Is this a success? Nearby combustible materials could still catch fire. I would not recommend keeping the box on a desk, shelf, inside a backpack, or anywhere else where it might touch something that you value or could catch fire. On the other hand, if placed on top of a fireproof surface, this box would prevent failed batteries within it from spreading fire outside—and that may be enough for the way you charge and store your batteries. It’s obvious to us that these batteries should be treated with care, but this box is not meant to provide any kind of fire protection. For that reason, we won’t be recommending it as a general rule—it’s too easy to forget safety precautions when the batteries are already stored so conveniently.

Tiny Whoop Battery Fire Testing: LiPo bag ready to start a burn

The LiPo bag didn’t do well in our larger battery testing, but what about a much smaller “tiny whoop” battery?

LiPo Safe Bag

In our larger battery testing, we found that even a 1000mAh battery would burn a hole in a LiPo safe bag and damage anything nearby. But a 250mAh battery burns considerably shorter, so we put it to the test in this common storage container. We packed a handful of similar whoop batteries around the trigger battery (some of which survived the earlier box test) to see how they would hold up as well. This test was done on a different day, but the process was the same.

The LiPo bag held in the flame—not much more than a few puffs of smoke escaped during the burn. However, even a tiny whoop battery gets hot enough to melt the bottom of the bag, which would damage whatever it was sitting on. The other batteries that were packed in with this one puffed significantly, but didn’t ignite.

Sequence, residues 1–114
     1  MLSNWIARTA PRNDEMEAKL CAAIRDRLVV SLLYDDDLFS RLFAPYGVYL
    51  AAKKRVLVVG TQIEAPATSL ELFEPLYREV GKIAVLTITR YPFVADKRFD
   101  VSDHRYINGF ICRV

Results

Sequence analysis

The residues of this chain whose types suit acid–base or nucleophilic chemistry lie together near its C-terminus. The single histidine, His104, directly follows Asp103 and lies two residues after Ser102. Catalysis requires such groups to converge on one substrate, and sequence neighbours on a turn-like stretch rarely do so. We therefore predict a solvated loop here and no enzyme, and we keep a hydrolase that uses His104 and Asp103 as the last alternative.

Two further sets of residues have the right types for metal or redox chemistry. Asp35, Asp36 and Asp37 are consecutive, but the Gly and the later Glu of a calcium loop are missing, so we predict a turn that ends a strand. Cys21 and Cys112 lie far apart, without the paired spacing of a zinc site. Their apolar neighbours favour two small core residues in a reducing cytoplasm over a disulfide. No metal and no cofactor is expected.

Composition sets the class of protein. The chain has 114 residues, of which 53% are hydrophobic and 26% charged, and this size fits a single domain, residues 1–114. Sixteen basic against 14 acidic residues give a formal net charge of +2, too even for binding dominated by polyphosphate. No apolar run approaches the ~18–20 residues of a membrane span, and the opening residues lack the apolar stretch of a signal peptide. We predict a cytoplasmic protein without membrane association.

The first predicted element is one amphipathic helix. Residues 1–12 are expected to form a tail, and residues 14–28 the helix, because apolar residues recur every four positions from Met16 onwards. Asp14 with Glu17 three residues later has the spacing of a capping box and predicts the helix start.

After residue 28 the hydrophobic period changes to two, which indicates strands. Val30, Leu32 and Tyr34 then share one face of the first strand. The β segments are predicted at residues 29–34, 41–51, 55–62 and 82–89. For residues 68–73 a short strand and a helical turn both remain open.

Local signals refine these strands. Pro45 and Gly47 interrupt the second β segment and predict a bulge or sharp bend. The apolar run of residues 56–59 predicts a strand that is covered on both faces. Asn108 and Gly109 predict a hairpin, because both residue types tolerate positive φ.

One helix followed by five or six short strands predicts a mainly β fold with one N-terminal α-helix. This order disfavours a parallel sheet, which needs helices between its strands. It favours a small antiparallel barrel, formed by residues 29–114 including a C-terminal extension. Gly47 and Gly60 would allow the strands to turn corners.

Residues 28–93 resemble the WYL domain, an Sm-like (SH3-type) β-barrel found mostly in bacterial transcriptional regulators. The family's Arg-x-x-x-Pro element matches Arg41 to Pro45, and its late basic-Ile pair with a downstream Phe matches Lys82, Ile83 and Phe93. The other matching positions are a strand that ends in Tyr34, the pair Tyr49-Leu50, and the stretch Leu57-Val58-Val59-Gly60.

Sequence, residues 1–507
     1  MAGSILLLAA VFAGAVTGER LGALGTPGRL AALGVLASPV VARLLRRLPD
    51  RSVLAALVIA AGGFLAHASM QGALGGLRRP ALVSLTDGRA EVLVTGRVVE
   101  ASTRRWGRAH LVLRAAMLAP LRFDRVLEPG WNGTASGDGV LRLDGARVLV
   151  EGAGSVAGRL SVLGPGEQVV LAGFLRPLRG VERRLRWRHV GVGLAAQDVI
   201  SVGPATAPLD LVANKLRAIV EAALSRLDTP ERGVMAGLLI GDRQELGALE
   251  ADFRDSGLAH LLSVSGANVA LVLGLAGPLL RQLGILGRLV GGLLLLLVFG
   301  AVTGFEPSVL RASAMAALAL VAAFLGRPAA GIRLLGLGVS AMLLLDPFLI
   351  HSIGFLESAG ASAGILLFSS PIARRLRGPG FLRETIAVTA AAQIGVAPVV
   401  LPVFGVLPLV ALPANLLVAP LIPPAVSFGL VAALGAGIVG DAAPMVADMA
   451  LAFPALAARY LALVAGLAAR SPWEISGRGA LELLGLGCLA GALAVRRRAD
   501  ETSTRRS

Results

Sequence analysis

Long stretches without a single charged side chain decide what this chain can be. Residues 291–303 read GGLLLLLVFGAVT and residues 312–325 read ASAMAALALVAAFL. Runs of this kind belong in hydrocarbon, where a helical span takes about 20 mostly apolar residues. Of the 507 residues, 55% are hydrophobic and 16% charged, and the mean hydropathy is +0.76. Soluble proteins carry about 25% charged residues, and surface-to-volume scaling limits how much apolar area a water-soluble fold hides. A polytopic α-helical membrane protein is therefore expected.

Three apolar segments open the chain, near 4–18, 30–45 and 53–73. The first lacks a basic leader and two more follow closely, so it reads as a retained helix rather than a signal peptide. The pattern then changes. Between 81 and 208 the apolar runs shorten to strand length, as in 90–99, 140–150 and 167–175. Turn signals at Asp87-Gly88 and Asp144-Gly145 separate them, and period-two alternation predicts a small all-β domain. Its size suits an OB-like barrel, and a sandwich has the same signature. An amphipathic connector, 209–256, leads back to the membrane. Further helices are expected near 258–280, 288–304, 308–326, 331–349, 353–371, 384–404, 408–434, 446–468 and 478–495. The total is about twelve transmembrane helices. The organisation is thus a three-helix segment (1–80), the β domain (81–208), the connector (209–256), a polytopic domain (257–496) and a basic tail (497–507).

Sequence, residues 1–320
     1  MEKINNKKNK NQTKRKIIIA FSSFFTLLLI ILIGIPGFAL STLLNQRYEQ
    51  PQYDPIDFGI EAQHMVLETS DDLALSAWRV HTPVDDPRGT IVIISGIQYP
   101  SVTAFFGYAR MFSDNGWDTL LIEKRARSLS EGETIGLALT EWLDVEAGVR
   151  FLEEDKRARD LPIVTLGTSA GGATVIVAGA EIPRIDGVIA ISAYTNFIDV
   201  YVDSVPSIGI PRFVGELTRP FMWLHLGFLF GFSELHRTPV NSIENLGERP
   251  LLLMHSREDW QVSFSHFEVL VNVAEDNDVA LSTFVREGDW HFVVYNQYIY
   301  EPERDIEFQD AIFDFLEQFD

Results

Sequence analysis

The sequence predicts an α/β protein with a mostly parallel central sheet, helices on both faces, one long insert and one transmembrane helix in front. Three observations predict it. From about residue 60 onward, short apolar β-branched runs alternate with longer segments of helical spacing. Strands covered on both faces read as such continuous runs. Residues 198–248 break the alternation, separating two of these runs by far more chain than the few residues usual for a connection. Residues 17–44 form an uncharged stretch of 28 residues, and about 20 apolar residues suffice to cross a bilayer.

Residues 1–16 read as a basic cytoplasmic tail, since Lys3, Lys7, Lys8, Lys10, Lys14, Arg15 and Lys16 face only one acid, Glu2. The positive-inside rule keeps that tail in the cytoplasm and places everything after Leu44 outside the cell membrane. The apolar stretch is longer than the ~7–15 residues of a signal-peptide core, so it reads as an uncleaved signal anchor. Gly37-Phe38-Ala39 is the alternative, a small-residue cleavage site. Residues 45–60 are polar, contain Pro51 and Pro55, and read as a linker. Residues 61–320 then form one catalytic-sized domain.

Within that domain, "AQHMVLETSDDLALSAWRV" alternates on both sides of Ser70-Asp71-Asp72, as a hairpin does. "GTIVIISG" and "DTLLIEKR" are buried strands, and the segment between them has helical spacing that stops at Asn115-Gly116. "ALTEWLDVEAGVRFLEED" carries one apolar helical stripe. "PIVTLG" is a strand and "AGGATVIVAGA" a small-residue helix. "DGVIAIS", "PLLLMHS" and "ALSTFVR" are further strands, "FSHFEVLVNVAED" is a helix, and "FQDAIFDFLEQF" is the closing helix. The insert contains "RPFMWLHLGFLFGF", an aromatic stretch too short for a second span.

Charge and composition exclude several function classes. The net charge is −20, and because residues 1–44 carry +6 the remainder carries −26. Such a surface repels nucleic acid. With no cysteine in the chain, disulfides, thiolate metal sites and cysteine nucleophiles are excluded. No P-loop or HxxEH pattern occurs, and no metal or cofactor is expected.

Tiny Whoop Battery Fire Testing: Inside of LiPo bag shows heavily charred area Tiny Whoop Battery Fire Testing: Outside bottom of lipo bag has a burn mark where the bag melted Tiny Whoop Battery Fire Testing: Other batteries in the lipo bag puffed but did not ignite

Much like the plastic container, whether or not this was a success depends on what you’re expecting. You probably could not start a fire this way unless you set the bag down on something readily combustible, but you may ruin that surface regardless. Don’t consider your LiPo bag fireproof; it’s not going to prevent damage altogether. If you adjust your expectations and store the bag on a fireproof surface, it may be safe enough. We still don’t like that the bag gives a false sense of security, and there are certainly better options—but don’t feel too bad if you travel with small batteries inside a LiPo bag from time to time.

Wrap Up

Even small “Tiny Whoop” batteries should be treated with care. While they may not fail as spectacularly as their larger brothers, they are still capable of starting fires. Store and charge them in an enclosed—but not sealed—container, away from any combustible materials. These batteries don’t emit a lot of flame and smoke, but are still capable of setting off a chain reaction with other batteries stored together. While the LiPo safe bag and plastic/foam battery boxes provide protection from flame, they can’t be relied on for complete protection on their own. A ceramic tile or concrete pad—for only $2 at the local hardware store—could go a long way.

If you’re interested in finding a product you can trust, we recommend looking at the Bat-Safe.  Again, check out our detailed battery container testing for info on safe storage methods.  Whatever your method, set up a safe storage area and always follow proper charging procedures!

If you are interested in reading more about battery safety, you should check out this series:

Show Buttons
Hide Buttons